ABC x 3 by Marthe Jocelyn
Released: Oct. 11, 2005

Illustrated with simple paper-cuts in bright, high contrast colors, this trilingual alphabet pairs upper and lower case letters in a sans serif face with appropriate, if sometimes unexpected, shapes, animals or items captioned in English, Spanish and French. Though neither "ç" nor any accented vowels get separate entries, Spanish letters "Ch," "ll" and "ñ" do, with one-word labels "chaqueta," "lluvia" and "niños." Non-Spanish speakers will have to figure out the meanings of these for themselves, however, from pictures that are abstract enough to leave some room for confusion. Furthermore, six of the other examples—Jaguar, Kiwi, Quetzal, Radio, Windsurfer and Zigzag—are identical in all three languages. An uneven outing from a team that usually does better, but refreshing for its multicultural outlook. (Picture book. 5-7)Read full book review >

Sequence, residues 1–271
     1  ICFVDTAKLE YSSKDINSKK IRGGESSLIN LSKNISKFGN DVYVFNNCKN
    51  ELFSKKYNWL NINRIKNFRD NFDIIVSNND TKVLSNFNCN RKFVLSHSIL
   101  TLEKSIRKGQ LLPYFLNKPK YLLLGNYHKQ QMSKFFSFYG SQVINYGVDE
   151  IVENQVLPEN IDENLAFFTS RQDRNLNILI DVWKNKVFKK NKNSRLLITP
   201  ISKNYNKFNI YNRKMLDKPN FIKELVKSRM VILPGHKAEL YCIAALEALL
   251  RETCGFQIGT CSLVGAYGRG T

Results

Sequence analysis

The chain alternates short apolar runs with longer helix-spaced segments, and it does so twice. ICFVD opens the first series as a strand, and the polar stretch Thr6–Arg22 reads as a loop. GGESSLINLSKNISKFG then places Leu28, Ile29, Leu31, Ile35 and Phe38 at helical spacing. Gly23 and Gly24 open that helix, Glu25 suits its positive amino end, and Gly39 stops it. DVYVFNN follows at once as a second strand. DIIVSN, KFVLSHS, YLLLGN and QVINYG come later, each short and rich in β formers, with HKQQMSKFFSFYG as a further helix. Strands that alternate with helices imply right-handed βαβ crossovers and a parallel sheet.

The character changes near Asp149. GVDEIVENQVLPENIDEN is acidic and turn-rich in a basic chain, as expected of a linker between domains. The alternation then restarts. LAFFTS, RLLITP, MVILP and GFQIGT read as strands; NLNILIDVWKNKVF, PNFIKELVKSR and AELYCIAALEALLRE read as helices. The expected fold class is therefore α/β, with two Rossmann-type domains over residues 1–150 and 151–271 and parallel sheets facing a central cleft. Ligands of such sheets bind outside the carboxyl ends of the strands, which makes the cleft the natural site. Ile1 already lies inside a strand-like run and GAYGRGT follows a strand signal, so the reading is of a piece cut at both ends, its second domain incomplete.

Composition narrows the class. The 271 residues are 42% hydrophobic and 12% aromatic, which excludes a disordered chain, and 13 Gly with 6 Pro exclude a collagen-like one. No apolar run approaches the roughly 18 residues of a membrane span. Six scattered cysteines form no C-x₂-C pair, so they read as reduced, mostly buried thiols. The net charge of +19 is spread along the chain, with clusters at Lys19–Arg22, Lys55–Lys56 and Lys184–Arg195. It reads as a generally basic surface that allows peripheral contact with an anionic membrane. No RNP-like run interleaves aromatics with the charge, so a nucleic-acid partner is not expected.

OVER UNDER by Marthe Jocelyn
Released: March 8, 2005

Slaughter explores more concepts with the same supersaturated colors and cut-paper, predominantly animal, forms that make One Some Many (2004) and 1 2 3: A Counting Book (2003) such toddlers' delights. Jocelyn's rhymed text, running to just a word or brief phrase per page, adds both continuity and a sense of verbal rhythm to go with the vibrancy of the art: "over / under / up / and down / inside / outside / country / town / above is sky / below is ground." With just enough extraneous detail to keep it from being pedantic, this will inspire plenty of repeat visits as it enriches younger viewers' verbal and visual vocabularies. (Picture book. 2-4)Read full book review >
ONE SOME MANY by Marthe Jocelyn
Released: June 8, 2004